All eyes this week will be on Apple (AAPL), when the company announces its fiscal third quarter results after the bell on Tuesday. Expectations for the quarter are tremendously low, as no new product launches have set the company up for a possible year over year decline in revenues. There are a number of questions that need to be answered, and a lot of it might have more to do with Apple's future than the past. Today, I'll preview Apple's fiscal Q3 results, and look forward to what I think is the more important quarter, fiscal Q4.
A review of past results:
Before I get into the current quarter, it's always good to look back at past results. The table below shows fiscal Q3 in the last two years, with last year's Q3 period in yellow. I also included this fiscal year's Q2, so you can get an idea of how things are sequentially.
Here is what Apple guided to for fiscal Q3:
- revenue between $33.5 billion and $35.5 billion.
- gross margin between 36% and 37%.
- operating expenses between $3.85 billion and $3.95 billion.
- Other income of $300 million.
- tax rate of 26%.
Obviously, this is not going to be a tremendous quarter for Apple. There was no March refresh of the iPad this year, and that will definitely have an impact on revenues and the bottom line. There is one other item I must really discuss before I get into the bulk of my article. Apple changed how it reports some of its revenues, adding an accessories category this year. In prior years, these accessories were counted in the product lines for the iPhone and iPad. Thus, the selling prices in those periods appeared much higher. Now that Apple has changed its way of reporting, with accessories as their own category, it appears that selling prices are very weak. They really aren't. We just need to look the sequential changes rather than the yearly ones. In one of my past Apple articles, I covered this change, so I encourage all to read that section as part of this earnings preview.
Apple will report a sequential decline in iPhone sales on Tuesday, but the question is how much? It's been about ten months since the launch of the iPhone 5, and many are looking forwards to the launch of the iPhone 5S and potentially a cheaper iPhone. As of July 13th, analysts were expecting 27.15 million iPhones to be sold in Q3, representing 4.3% growth over the prior year period.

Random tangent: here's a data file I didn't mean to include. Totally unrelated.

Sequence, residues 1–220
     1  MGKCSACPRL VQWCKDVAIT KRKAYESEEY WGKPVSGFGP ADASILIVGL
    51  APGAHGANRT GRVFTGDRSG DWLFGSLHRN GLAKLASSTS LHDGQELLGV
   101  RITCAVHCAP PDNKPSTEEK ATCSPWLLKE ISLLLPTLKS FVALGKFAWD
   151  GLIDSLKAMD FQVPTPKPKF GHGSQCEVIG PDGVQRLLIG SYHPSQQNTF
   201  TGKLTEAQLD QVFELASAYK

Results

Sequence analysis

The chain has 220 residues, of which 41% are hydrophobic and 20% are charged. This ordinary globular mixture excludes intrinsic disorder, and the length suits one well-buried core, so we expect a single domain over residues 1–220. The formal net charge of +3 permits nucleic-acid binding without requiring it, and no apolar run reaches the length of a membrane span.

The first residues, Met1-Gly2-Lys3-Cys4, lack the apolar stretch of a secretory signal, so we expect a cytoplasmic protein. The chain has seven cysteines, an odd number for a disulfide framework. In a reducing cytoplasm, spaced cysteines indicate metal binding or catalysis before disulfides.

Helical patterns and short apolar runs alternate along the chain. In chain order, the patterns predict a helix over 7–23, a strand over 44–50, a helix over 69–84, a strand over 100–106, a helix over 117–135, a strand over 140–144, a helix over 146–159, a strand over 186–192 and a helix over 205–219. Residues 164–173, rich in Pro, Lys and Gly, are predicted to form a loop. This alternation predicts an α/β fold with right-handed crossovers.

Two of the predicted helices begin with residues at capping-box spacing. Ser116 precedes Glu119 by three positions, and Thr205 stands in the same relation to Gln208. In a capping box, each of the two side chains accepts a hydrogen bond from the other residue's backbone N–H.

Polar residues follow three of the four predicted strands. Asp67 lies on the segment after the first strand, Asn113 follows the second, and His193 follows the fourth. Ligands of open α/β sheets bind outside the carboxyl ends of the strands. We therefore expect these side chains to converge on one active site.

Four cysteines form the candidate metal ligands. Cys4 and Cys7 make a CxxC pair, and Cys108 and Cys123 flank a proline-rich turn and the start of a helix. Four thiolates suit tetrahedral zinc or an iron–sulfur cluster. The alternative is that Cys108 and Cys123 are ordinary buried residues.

Verizon (VZ) reported a decent iPhone sales number for their quarter, so maybe Apple can come in around 27.5 million or 28 million. That would certainly help margins, as you want to see more revenues come from the iPhone than the lower margin iPad (and iPad mini). In terms of average selling prices, Apple netted a little more than $613 in fiscal Q2. Since Apple is still selling a lot of iPhone 4 and 4S models, and we are ten months away from the launch of the 5, it is likely that the average selling price will decline. The $600 level seems to be key, although I personally would not be surprised if we were around $595. Obviously, every dollar counts, as you are talking about 25-30 million in revenues per dollar of selling price. That could be the difference between Apple meeting and missing analyst estimates.
The iPad seems to be the biggest wildcard in the Q3 report. Last fall, Apple launched the iPad mini, which has furthered the growth in this product line. However, they also refreshed the regular iPad at that time, meaning a refresh did not come in March like the pattern has been with the last few models. That leads to a lot of uncertainty, because you have the boost from the mini offset by no late Spring refresh. Apple sold just over 17 million iPads in last year's period, and the average estimate as of July 17th was for 18.09 million.
Obviously, the lower priced iPad mini has hurt average selling prices. In fiscal Q2, the average selling price was down to $449, and it could go lower if there is a higher percentage of minis sold in this quarter. Don't forget about Apple's revenue change that I mentioned above, as that could impact the prior year period numbers.